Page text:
Where it’s coming from: the ideas that (1) a lot of people don’t recognize the ways they enact oppression (e.g., via microagressions), (2) that oppression is often invisible to dominant group members, (3) that a lot of people dog-whistle true beliefs that they can’t say directly, and/or (4) that they are acting on unconscious bias.
Why it’s getting in the way: it’s invalidating and re-creating oppressive dynamics to tell someone what they think. It’s often based on an assumption of a person’s identities and how those are shaping their actions/beliefs (i.e., stereotyping). And ultimately, we can’t possibly know what someone’s “true” motive is (even if they don’t know it either), so it’s starting a fire with no hope of putting it out.
What we might do instead: if someone says their intention isn’t oppressive, and we think what they said or did is, point out that gap. Instead of trying to prove to them we know what’s in their head or heart, focus on the external: what they’ve said or done. Do so in the spirit of helping them connect their espoused intentions with their actions, not in punishing them for intentions we’ve ascribed to them.
Questions & Answers re: The Tenets
[adsmall]The following questions have come up a lot when I’ve talked about these ideas with people, so I want to answer them preemptively here.
Is this list exhaustive?
Nope. And I’ll be updating it as I discover, label, and/or think through additional tenets. I’m sitting on several right now that I haven’t written up, because I want to vet them a bit more first.
How do you know the tenets are harmful?
To be perfectly honest, I don’t know they’re harmful.
But the harm is an intuition that’s shared between me and the other social justice educators and activists I’ve talked with, as well as something people are anecdotally noticing getting in they way of their work.
As a form of peer review, I’ve not written about any tenets above that I haven’t talked with others about. I’ve been doing this to (1) avoid griping about something that’s only annoying me, or a pet peeve; (2) get a bigger sense of the issue, so that my writing is applicable to all sorts of social justice people; (3) vet the seriousness, obstructiveness, or gravity of the issue; and (4) to refine it down to its core — focusing on what makes that tenet that tenet — because otherwise these SJD tenets can all easily start to blur together.
So, while we might not be sure they’re harmful, we sure as hell don’t know they are helpful. The same goes for any tenet of SJD.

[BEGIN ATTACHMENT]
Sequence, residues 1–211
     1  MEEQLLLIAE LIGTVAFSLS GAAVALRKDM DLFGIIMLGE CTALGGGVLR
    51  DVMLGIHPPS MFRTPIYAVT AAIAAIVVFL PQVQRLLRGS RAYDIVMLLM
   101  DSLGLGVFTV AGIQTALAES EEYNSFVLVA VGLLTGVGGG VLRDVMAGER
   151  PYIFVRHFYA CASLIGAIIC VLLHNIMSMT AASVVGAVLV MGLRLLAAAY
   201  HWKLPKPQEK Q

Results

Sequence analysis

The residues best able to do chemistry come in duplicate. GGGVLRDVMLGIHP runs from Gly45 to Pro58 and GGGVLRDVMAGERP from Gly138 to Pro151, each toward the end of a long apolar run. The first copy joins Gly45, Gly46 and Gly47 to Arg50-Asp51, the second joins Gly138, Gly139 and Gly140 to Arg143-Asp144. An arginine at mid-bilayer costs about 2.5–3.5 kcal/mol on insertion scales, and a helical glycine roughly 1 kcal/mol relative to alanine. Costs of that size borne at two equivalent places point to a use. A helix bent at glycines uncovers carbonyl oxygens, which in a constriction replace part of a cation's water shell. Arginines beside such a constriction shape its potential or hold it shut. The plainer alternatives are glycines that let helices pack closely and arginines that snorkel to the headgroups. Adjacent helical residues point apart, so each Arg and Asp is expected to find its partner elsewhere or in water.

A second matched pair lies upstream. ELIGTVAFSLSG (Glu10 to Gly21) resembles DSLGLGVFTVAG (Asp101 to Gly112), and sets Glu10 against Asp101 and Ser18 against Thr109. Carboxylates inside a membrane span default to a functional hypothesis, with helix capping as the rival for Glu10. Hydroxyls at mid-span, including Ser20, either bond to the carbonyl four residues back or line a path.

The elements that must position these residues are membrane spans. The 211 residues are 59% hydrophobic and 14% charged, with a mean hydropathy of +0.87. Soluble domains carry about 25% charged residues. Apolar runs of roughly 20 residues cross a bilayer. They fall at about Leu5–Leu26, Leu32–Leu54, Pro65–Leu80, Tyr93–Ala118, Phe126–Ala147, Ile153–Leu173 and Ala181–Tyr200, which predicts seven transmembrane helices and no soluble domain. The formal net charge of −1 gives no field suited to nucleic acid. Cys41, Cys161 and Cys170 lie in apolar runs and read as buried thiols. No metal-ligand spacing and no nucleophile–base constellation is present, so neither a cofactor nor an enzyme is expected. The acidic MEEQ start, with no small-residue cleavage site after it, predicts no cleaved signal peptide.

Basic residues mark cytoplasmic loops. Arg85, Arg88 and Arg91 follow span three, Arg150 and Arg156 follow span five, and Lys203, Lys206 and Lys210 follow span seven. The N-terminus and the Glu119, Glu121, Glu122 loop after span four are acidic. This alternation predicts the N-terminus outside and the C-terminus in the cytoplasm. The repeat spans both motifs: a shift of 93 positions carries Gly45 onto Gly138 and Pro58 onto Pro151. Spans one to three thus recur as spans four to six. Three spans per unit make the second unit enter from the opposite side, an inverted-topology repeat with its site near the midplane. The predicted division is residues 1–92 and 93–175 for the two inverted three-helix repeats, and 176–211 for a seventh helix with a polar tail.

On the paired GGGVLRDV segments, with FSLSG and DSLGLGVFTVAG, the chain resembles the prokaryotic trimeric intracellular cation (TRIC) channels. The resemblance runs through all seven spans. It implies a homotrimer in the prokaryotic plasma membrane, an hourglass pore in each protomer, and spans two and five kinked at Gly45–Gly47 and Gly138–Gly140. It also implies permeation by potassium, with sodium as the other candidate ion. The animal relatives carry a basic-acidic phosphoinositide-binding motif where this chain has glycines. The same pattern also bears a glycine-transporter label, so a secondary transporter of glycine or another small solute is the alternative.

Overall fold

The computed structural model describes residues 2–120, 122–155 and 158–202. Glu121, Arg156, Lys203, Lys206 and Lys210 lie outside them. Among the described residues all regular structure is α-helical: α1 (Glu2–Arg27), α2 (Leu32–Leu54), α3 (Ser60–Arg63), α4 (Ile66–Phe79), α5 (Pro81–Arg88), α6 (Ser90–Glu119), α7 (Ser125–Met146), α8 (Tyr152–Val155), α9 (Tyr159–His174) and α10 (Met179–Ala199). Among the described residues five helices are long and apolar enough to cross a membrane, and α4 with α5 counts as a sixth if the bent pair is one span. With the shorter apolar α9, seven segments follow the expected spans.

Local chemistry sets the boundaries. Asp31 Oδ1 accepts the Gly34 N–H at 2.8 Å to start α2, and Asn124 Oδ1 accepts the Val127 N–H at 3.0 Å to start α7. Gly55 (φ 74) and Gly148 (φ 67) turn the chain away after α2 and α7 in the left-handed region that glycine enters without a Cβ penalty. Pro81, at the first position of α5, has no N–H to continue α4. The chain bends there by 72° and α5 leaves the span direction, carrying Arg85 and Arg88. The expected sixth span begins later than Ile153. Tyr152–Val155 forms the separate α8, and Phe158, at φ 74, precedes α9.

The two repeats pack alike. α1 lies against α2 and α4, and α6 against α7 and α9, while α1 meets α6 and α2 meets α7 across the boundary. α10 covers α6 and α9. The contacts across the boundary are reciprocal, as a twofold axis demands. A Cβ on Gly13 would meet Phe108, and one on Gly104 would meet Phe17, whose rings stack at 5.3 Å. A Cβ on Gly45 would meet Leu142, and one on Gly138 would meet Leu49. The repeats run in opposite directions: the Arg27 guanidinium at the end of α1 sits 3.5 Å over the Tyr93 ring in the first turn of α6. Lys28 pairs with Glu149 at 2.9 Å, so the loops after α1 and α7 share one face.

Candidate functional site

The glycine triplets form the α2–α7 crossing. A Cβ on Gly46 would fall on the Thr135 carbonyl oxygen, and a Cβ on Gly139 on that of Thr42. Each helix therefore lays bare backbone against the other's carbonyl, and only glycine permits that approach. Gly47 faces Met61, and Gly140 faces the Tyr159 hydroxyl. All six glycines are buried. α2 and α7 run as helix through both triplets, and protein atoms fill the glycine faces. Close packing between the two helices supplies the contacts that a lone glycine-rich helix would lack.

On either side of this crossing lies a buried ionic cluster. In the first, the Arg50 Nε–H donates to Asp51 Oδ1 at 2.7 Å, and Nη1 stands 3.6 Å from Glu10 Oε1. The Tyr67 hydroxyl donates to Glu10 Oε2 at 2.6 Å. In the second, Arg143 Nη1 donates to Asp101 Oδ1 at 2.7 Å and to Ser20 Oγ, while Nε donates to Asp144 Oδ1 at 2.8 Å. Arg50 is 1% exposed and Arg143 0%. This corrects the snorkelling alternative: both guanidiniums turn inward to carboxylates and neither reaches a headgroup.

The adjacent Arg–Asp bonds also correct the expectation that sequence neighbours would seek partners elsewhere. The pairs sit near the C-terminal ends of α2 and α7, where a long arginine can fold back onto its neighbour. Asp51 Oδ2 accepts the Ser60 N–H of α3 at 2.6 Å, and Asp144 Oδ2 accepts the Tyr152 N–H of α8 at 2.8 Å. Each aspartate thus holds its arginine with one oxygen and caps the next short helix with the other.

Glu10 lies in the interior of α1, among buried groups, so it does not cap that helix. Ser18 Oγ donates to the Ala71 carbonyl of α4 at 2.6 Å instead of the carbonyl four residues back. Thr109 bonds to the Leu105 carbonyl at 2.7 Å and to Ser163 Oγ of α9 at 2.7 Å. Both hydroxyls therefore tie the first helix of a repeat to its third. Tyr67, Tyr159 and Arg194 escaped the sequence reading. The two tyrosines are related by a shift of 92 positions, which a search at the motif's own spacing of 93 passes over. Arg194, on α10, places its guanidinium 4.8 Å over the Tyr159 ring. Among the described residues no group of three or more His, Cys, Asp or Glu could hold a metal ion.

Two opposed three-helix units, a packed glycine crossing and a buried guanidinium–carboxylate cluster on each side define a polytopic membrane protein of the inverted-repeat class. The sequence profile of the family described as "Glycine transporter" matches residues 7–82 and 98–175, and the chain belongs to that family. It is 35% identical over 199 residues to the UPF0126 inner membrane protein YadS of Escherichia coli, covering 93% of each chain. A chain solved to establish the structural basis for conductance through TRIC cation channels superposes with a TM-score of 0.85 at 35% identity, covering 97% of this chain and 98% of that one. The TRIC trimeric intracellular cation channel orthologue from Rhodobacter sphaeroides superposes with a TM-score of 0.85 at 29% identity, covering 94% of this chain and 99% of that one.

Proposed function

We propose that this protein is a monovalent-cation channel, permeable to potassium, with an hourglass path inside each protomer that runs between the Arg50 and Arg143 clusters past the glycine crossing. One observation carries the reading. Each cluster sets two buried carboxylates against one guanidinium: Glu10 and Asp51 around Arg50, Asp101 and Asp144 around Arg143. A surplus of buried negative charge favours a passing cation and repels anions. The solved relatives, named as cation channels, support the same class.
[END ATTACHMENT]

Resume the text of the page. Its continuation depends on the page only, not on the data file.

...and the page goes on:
Who have you been having these conversations with?
A huge swathe of different kinds of people, including:
- Educators and researchers working in academia;
- Directors of social-justice-focused centers (e.g., LGBTQ Centers, Diversity & Inclusion Centers) within academia and without;
- Leadership of social-justice-focused non-profits (national and local organizations); and
- Independent online activists (who run websites or social campaigns), social justice educators (who train and consult as their job), and organizers.
The common thread: all of the people I’ve had these conversations with are, like me, “social justice people.” These tenets aren’t coming from talking with people who are against social justice (“Anti-SJW” people), or on the fence.
Why aren’t you naming those people specifically?
Because people are afraid to be named.
Most of the conversations I’ve been having, as I alluded to in my introduction to SJD, have been had with a fear hanging over our heads: what if people find out we’re talking about this?
I don’t want to name people and have them lose their jobs, become victim to some horrifying public shaming, or lose friendships and relationships. This all might sound unnecessarily pessimistic, but it’s unfortunately not.
Merely my announcing that I would be talking about these issues (not in response to anything I’d yet published or said) resulted in me being asked to step down from volunteer roles, and to distance myself from orgs/causes I’d been working with for years. Worse, this past spring, several of my talks/shows required additional security (e.g., I had to have my own parking lot and security guard) because of threats made against me in this regard. That’s why every time I write or talk about this (like right now), I get hit with a cold mix of anxiety and terror (also part of why I’m getting a dog — seriously, folks).
I’m hoping this will change as we talk more openly about these things, and people will start to name themselves, and write/speak publicly about SJD and the above issues, but I’m planning to be patient on that front.
Can I submit an example? Or contribute in some other way?
Yes. I want to talk with as many people as possible about this stuff, so please reach out if you have something to add.
This article was originally published at It's Pronounced Metrosexual on June 6, 2018.